(Last updated on: 01/04/2020)
You may have come across the term McDonaldisation, particularly if you have studied or work in the area of sociology. But what does Mcdonalisation actually mean?
In this post I will explain what is meant by the term McDonaldisation, how the concept has come about and whether this is in fact a good or a bad thing.
How did the concept of McDonaldisation come about?
Wow, you know you’ve made it big when a concept is named after you!
McDonald’s is the world’s largest restaurant chain by revenue, with more than 69 million daily customers in over 100 countries. Everybody is familiar with the big red M logo and most people are familiar with those symbolic fries in the red packet. So, I guess, it is not a surprise that this famous fast food chain is now the foundation for a sociological concept!
The term McDonaldization was coined by American sociologist, George Ritzer. No, George was not assessing how much burger sauce was put on the burgers and how long the fries should be cooked for, instead, he was assessing the business model and business approaches of McDonalds and applying these principles to the way that a vast number of businesses in our society nowadays operate.
To put it simply, McDonalisation is it is the adaptation of the characteristics of this fast food restaurant (namely efficiency, calculability, predictability and control) which are applied throughout various aspects of our society.
What is Mcdonaldisation?
George Ritzer introduced the concept of McDonaldisation in his 1993 book, The McDonaldization of Society.
In this text he explains that the McDonaldisation of society is what happens when society, its institutions, and its organisations demonstrate the same characteristics that are found in the fast food restaurants of McDonalds. These characteristics include: efficiency, calculability, predictability and control.
Since the time of writing, society and the way that we live has changed a lot, namely because of the rise of the digital age. This has, however, not made the concept of McDonalisation any less valid. In fact, if anything we can argue tat there is MORE control over standardisation with modern day technologies and production systems!
Anyone who is familiar with sociology will have heard of Max Weber’s theory of how scientific rationality produced bureaucracy. This in turn became the central organising force of modern societies throughout the last century. Weber argued that modern bureaucracy was defined by hierarchical roles, compartmentalised knowledge and roles, a perceived merit-based system of employment and advancement, and the legal-rationality authority of the rule of law.
Ritzer argues that whilst many of Weber’s points remain valid and true, society has evolved. He argues that due to changes in science, economic systems, and cultures a new social structure and order, that he named McDonalisation, is now more prevalent.
This video below provides a simple explanation of McDonalisation.
The four dimensions of McDonaldisation
McDonalisation is made up of four dimensions. These are:
I will explain briefly what each of these dimensions means in the context of McDonaldisation.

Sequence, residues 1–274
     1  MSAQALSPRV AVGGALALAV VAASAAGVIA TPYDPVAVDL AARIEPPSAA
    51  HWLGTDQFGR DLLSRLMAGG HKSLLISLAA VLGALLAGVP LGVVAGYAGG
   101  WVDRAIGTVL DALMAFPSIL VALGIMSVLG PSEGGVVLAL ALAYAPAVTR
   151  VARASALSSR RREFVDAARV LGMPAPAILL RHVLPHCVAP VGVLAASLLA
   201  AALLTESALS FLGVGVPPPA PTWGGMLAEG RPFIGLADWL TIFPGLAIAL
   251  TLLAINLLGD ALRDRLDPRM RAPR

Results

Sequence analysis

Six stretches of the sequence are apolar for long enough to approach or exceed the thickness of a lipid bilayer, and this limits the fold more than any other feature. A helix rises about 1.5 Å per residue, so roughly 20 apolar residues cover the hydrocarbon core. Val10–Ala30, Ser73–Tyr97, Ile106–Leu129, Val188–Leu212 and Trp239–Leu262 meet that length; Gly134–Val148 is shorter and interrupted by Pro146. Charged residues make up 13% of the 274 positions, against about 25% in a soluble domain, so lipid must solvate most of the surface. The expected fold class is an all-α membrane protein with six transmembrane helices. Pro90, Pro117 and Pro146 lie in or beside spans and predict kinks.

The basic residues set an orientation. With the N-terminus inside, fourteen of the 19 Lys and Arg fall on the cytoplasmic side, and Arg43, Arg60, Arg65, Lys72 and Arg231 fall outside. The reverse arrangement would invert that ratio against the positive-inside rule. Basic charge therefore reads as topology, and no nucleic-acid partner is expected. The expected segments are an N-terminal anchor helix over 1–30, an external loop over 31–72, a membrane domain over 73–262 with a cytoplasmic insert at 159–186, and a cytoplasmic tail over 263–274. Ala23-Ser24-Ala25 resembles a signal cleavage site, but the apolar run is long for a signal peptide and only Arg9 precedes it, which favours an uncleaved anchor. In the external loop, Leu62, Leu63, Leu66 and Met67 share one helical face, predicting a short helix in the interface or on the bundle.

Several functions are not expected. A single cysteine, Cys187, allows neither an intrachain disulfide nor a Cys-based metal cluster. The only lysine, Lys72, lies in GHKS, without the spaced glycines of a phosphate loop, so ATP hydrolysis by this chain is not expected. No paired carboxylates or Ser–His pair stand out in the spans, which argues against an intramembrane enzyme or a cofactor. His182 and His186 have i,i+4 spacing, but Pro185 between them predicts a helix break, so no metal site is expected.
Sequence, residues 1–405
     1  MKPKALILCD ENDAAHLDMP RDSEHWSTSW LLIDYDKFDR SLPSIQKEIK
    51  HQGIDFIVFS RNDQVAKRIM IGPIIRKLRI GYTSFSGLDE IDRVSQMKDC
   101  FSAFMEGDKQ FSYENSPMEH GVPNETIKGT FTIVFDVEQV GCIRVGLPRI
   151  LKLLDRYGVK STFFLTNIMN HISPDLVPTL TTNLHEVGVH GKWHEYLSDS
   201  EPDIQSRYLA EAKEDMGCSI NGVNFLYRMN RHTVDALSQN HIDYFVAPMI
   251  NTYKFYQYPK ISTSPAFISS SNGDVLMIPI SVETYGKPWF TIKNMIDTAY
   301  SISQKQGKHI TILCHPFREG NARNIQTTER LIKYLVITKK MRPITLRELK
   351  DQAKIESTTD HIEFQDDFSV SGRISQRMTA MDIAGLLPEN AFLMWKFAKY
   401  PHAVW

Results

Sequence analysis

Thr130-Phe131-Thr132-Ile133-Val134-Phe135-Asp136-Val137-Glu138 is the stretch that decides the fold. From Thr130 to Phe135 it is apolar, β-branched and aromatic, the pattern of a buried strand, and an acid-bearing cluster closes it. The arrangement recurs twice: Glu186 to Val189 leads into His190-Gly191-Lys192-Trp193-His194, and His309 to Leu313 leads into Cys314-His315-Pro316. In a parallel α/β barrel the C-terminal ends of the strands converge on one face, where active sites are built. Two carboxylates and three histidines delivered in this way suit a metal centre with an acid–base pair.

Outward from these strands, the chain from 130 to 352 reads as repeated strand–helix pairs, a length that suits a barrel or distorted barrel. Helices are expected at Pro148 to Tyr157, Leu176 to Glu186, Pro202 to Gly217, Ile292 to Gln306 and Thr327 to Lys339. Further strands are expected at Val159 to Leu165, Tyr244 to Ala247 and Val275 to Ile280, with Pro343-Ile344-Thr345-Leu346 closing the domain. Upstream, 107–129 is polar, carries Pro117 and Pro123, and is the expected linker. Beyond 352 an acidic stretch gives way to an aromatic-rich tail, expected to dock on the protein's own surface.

One important element of McDonald’s success is efficiency. The fast food chain feeds customers quickly and efficiently.
McDonalisation thus allows for the optimum method of completing a task to be adopted, allowing for the most efficient mode of production.
McDonalidisation relies on the premise that outcomes can be quantified and measured without any subjectivity.
It is all about quantity rather than quality.
That’s why they call is that Big Mac and not the Great Mac!
Businesses that adopt the McDonalisation principles have uniformity of their products and services. The products that they offer are standardised.
Every single Big Mac is made with the same ingredients. No matter where in the world you eat your McDonalds, your burger will always look, taste and cost the same.
McDonalds has a strong level of control over their business, which has grown in recent years.
Companies who demonstrate elements of McDonalidisation will move away from human labour towards non-human labour. This enable the strongest degree of control.
Is Mcdonaldisation a good or a bad thing?
As with anything, there are positive and negative viewpoints of McDonaldisation.
On the one hand, Mcdonalisation enables a far greater availability of goods and services, speed of service and convenience for customers and easy ability to compare products due to McDonalds’ uniformity.
On the other hand, McDonalisation is criticised for its lack of individuality, reduction in employments figures due to the element of control and low quality production.
McDonalisation in tourism
I’m a Travel Writer, so why am I talking about sociology you ask (or maybe you didn’t, but I will tell you anyway…). Well, society is a core part of the tourism industry! There are many businesses throughout the different types of tourism that operate under the philosophy of McDonalisation. Whilst this has positive impacts in some cases (increased efficiency, a sense of familiarity etc), it can also cause problems, especially in terms of the negative economic impacts of tourism.
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